N2O is an inorganic metabolite of the prokaryotic cell during denitrification. Thus, denitrifiers comprise the principal group of N2O producers, with roles played also by nitrifiers, methanotrophic bacteria, and fungi. Among them, only denitrifying prokaryotes have the ability to convert N2O to N2. Conversion of N2O into N2 is the last step of a complete nitrate denitrification process and is an autonomous form of respiration. N2O is generated in the denitrifying cell by the activity of respiratory NO reductase. Some microbial communities have only capability of N2O reduction to N2 and does not have the other denitrification pathways such communities are known as nitrous oxide reducers. Some denitrifiers do not have complete denitrification with end product N2O
The second domain comprises a 7-bladed propeller of β-sheets that contains the catalytic site called CuZ, which is a tetranuclear copper-sulfide cluster. The distance between the CuA and CuZ centers within a single subunit is greater than 30Å, a distance that precludes physiologically relevant rates of intra-subunit electron transfer. However, the two subunits are orientated "head to tail" such that the CuA center in one subunit lies only 10 Å from the CuZ center in the second ensuring that pairs of redox centers in opposite subunits form the catalytically competent unit. The CuA center can undergo a one-electron redox change and hence has a function similar to that in the well-known aa3-type cytochrome c oxidases (EC22.214.171.124) where it serves to receive an electron from soluble cytochromes c.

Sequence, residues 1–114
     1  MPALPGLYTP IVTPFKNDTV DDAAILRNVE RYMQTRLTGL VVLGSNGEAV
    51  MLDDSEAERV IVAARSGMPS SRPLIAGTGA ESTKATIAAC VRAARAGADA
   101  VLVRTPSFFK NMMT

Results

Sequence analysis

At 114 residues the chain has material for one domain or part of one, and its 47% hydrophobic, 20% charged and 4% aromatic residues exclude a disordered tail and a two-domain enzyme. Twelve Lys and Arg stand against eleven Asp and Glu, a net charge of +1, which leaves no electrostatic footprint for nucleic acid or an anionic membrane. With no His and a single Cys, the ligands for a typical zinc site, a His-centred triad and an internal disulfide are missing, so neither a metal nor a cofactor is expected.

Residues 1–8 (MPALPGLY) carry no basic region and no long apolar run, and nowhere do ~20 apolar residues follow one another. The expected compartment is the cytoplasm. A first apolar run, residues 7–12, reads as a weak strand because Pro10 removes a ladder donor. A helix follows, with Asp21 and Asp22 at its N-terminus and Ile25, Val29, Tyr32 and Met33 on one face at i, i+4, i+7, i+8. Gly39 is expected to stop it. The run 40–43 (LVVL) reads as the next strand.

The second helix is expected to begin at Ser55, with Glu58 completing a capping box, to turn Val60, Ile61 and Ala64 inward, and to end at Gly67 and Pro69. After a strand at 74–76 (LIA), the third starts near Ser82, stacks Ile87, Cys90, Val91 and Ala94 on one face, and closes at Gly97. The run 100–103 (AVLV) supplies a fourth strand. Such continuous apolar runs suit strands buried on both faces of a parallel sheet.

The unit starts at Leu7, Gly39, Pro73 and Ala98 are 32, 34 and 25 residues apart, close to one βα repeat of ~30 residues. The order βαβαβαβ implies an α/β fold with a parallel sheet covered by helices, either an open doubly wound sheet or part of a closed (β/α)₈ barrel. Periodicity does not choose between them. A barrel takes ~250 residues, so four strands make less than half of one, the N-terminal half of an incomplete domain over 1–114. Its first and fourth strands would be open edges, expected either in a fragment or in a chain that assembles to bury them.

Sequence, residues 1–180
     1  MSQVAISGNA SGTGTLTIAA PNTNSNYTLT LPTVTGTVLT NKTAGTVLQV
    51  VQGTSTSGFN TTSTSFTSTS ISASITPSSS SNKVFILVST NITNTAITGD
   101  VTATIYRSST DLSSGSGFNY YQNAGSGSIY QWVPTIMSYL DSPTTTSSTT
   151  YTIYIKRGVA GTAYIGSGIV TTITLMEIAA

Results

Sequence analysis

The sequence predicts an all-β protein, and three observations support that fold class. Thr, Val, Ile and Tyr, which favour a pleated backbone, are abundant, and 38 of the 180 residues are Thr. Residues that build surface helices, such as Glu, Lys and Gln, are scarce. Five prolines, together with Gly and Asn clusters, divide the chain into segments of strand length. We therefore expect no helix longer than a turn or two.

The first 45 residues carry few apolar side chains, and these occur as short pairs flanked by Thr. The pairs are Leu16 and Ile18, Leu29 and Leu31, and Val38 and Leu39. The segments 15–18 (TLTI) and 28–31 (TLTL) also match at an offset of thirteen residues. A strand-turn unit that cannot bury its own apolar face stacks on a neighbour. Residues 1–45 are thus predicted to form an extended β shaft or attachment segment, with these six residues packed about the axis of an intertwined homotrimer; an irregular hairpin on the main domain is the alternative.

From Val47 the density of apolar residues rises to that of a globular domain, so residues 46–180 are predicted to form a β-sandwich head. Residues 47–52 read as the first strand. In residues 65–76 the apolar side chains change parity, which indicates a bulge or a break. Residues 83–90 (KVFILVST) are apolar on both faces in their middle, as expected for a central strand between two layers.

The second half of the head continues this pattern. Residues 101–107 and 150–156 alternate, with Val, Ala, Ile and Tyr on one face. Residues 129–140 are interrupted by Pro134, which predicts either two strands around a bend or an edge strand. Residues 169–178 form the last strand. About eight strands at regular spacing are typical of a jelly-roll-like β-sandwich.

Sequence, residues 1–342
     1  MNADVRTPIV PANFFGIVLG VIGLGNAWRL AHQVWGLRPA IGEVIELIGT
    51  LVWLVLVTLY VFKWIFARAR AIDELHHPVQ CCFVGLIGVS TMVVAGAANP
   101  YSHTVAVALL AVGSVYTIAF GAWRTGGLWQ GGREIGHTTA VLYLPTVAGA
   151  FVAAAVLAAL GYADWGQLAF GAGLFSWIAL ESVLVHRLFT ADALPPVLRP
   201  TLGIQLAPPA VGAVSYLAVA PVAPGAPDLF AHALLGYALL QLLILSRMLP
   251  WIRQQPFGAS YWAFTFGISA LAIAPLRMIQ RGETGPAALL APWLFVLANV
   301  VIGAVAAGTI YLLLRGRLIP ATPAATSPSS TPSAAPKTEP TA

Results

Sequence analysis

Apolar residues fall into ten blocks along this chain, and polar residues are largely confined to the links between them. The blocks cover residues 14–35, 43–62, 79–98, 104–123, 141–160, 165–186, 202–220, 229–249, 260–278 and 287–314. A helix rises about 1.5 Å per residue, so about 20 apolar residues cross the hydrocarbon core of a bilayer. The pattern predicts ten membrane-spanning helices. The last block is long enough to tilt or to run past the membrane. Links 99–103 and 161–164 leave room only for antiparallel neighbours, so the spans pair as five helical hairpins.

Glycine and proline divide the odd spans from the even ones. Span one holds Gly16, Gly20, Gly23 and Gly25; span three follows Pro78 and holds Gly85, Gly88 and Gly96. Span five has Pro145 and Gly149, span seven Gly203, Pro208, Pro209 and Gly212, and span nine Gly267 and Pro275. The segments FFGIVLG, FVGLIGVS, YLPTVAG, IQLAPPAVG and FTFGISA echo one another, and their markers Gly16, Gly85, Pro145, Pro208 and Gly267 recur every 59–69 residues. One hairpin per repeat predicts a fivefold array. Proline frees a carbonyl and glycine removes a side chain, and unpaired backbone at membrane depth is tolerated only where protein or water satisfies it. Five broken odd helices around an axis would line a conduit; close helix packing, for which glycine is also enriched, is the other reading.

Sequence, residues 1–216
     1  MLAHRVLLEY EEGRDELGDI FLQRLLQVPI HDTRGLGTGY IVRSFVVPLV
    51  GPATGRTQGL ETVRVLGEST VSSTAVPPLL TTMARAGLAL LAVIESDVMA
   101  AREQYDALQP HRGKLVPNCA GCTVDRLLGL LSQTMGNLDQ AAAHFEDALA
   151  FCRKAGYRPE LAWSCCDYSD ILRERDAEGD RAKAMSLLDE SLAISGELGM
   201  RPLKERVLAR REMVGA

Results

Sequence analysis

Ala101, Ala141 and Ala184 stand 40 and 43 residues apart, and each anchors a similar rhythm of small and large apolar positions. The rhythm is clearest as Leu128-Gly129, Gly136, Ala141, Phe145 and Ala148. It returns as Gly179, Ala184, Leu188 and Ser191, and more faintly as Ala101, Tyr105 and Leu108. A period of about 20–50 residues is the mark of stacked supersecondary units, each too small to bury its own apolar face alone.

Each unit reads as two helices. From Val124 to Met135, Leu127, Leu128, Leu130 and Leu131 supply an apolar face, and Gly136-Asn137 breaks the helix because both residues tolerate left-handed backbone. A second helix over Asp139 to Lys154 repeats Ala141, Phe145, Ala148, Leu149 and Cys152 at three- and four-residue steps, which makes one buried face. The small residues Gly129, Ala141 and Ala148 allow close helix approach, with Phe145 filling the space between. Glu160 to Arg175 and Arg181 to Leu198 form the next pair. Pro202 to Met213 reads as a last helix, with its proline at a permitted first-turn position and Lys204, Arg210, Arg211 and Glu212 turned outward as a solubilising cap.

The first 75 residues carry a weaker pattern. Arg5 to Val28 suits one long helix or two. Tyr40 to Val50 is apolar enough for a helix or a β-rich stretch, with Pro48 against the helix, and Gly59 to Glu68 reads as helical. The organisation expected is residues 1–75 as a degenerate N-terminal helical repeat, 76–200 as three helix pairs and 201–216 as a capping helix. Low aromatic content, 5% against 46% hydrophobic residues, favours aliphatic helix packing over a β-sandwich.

Acetylene is the most specific inhibitor of nitrous-oxide reductase. Other inhibitors include azide anion, thiocyanate, carbon monoxide, iodide, and cyanide.
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